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Being Overweight or Obese and the Development of Asthma.
Pediatrics 2018; 142(6)Ped

Abstract

OBJECTIVES

Adult obesity is linked to asthma cases and is estimated to lead to 250 000 new cases yearly. Similar incidence and attributable risk (AR) estimates have not been developed for children. We sought to describe the relationship between overweight and obesity and incident asthma in childhood and quantify AR statistics in the United States for overweight and obesity on pediatric asthma.

METHODS

The PEDSnet clinical data research network was used to conduct a retrospective cohort study (January 2009-December 2015) to compare asthma incidence among overweight and/or obese versus healthy weight 2- to 17-year-old children. Asthma incidence was defined as ≥2 encounters with a diagnosis of asthma and ≥1 asthma controller prescription. Stricter diagnostic criteria involved confirmation by spirometry. We used multivariable Poisson regression analyses to estimate incident asthma rates and risk ratios and accepted formulas for ARs.

RESULTS

Data from 507 496 children and 19 581 972 encounters were included. The mean participant observation period was 4 years. The adjusted risk for incident asthma was increased among children who were overweight (relative risk [RR]: 1.17; 95% confidence interval [CI]: 1.10-1.25) and obese (RR: 1.26; 95% CI: 1.18-1.34). The adjusted risk for spirometry-confirmed asthma was increased among children with obesity (RR: 1.29; 95% CI: 1.16-1.42). An estimated 23% to 27% of new asthma cases in children with obesity is directly attributable to obesity. In the absence of overweight and obesity, 10% of all cases of asthma would be avoided.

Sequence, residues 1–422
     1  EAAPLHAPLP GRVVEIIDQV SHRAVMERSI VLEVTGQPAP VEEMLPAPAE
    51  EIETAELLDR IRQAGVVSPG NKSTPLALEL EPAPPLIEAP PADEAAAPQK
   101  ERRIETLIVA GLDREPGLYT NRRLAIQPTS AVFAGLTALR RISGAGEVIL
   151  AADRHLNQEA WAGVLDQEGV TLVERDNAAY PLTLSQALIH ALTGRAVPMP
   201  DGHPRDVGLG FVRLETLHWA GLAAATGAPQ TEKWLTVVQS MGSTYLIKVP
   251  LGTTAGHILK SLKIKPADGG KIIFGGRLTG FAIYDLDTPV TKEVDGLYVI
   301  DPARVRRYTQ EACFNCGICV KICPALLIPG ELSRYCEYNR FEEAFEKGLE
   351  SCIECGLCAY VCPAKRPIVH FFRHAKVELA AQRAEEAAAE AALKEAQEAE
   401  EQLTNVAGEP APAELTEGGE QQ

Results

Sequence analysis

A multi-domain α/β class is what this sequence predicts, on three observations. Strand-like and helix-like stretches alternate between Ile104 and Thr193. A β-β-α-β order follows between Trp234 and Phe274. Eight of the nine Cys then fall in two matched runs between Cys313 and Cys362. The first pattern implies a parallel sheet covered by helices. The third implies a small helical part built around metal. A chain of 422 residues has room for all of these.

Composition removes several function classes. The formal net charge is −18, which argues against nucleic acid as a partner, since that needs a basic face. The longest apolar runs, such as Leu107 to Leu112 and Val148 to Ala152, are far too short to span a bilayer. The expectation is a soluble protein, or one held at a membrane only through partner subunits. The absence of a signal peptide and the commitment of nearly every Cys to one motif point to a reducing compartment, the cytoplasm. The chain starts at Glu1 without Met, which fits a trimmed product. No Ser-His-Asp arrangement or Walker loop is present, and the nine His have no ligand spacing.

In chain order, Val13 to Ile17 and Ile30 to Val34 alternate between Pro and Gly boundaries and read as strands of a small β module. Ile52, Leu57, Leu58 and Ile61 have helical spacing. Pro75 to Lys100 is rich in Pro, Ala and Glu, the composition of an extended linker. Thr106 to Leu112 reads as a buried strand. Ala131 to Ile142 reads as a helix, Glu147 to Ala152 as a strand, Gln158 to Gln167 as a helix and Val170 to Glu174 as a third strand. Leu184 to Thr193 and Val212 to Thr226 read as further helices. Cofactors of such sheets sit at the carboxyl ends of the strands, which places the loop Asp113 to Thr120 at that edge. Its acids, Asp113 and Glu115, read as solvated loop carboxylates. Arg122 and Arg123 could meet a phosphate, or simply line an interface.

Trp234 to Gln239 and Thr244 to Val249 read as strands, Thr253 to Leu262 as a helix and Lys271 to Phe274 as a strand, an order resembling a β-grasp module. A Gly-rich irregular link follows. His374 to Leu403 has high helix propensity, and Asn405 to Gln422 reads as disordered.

CONCLUSIONS

Obesity is a major preventable risk factor for pediatric asthma.

Authors+Show Affiliations

Nemours Children's Hospital, Nemours Children's Health System, Orlando, Florida; jason.lang@duke.org. Divisions of Allergy and Immunology and. Pulmonary Medicine, School of Medicine, Duke University and Duke Children's Hospital and Health Center, Durham, North Carolina.Department of Biomedical Research, Nemours Alfred I. DuPont Hospital for Children, Wilmington, Delaware.Department of Biomedical Research, Nemours Alfred I. DuPont Hospital for Children, Wilmington, Delaware.Centers for Health Care Delivery Science and.Pharmacogenomics and Translational Research, Nemours Children's Health System, Jacksonville, Florida.Nemours Children's Hospital, Nemours Children's Health System, Orlando, Florida.Department of Pediatrics, Washington University, St Louis, Missouri.Department of Pediatrics, School of Medicine, Anschutz Medical Campus, University of Colorado, Aurora, Colorado.Section of Pulmonary Medicine, Nationwide Children's Hospital and Department of Pediatrics, College of Medicine, The Ohio State University, Columbus, Ohio.Department of Pediatrics, Seattle Children's Hospital, Seattle, Washington; and.Department of Pediatrics, Children's Hospital of Philadelphia, Philadelphia, Pennsylvania.

Pub Type(s)

Journal Article
Multicenter Study